Tuataras (Sphenodon punctatus) are confined exclusively to New Zealand, and the two surviving species represent a very old lineage, with an ancestry extending back over 200 million years. They form a distinct reptilian Order, Sphenodontia, alongside crocodilians, snakes, lizards and chelonians (turtles and tortoises). One of the remarkable features of the tuatara is that it has a lifespan similar to our own, being capable of living for more than 100 years.
Another unusual characteristic is that unlike mammals and crocodiles which have their teeth held in sockets by a flexible ligament, tuataras possess teeth that are fused to their jaw bones - much like modern dental implants. This made them an ideal subject for study by a British team from the University of Hull; University College London (UCL) and the Hull York Medical School, keen to investigate wear-and-tear issues surrounding such implants.
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Tuataras live happily for over 60 years in the wild without replacing their teeth because they have the unconscious ability to measure the forces in their jaw joint and adjust the strength of the jaw muscle contractions accordingly.
A moving 3D computer model based on the skull and teeth of the tuatara was used for this purpose. Dr. Neil Curtis from the University of Hull explained: "Humans and many other animals prevent damage to their teeth and jaws when eating because the ligament that holds each tooth in place also feeds back to the brain to warn against biting too hard."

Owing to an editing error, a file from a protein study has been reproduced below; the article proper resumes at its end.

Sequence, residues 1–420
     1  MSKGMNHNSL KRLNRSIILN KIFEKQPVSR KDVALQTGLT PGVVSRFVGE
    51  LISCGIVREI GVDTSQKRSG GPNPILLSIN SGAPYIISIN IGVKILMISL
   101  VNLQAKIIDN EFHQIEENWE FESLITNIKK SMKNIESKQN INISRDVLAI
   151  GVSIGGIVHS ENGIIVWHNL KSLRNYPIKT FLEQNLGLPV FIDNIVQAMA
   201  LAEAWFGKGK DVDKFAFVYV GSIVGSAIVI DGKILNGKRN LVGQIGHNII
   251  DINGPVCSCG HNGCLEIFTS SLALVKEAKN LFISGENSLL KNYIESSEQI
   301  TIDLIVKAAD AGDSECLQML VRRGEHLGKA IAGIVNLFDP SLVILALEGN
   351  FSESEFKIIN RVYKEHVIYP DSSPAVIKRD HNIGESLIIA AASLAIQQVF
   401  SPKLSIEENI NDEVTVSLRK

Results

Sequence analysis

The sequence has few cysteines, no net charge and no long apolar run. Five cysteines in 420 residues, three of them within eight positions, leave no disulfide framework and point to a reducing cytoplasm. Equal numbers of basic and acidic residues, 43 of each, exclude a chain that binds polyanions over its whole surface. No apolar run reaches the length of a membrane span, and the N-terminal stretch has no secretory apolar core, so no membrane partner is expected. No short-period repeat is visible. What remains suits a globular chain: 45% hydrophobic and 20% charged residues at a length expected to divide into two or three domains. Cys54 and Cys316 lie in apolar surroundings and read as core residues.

By using computer-modeling of the tuatara’s skull, so it was then possible to investigate the feedback that occurs between the jaw joints and muscles in a creature that lacks periodontal ligaments.
Dr. Marc Jones from UCL added "In the sugar-rich western world, many people end up losing their teeth and have to live with dentures or dental implants instead. They've also lost the periodontal ligament that would attach their teeth so we wanted to know how their brains can tell what's going on when they are eating."
The gentle touch
"Tuataras live happily for over 60 years in the wild without replacing their teeth because they have the unconscious ability to measure the forces in their jaw joint and adjust the strength of the jaw muscle contractions accordingly", said Dr Curtis.
Although this explains why tuatara and people with false teeth manage not to break their teeth and do not end up with jaw joint disorders, it is still clear that having a periodontal ligament is very useful, in particular for fine tuning chewing movements. This may explain why it has evolved independently in the ancestors of mammals, crocodiles, dinosaurs, and even some fish.
There is anecdotal evidence to suggest that people with implants and dentures may make food choices related to their lack of periodontal ligament. However, tuataras pursue a broad diet on the islands where they live including beetles, spiders, snails, frogs and occasionally young seabirds. As this study confirmed, damage to dental implants and jaw joints may be prevented by sophisticated interplay between our jaws, muscles and brain.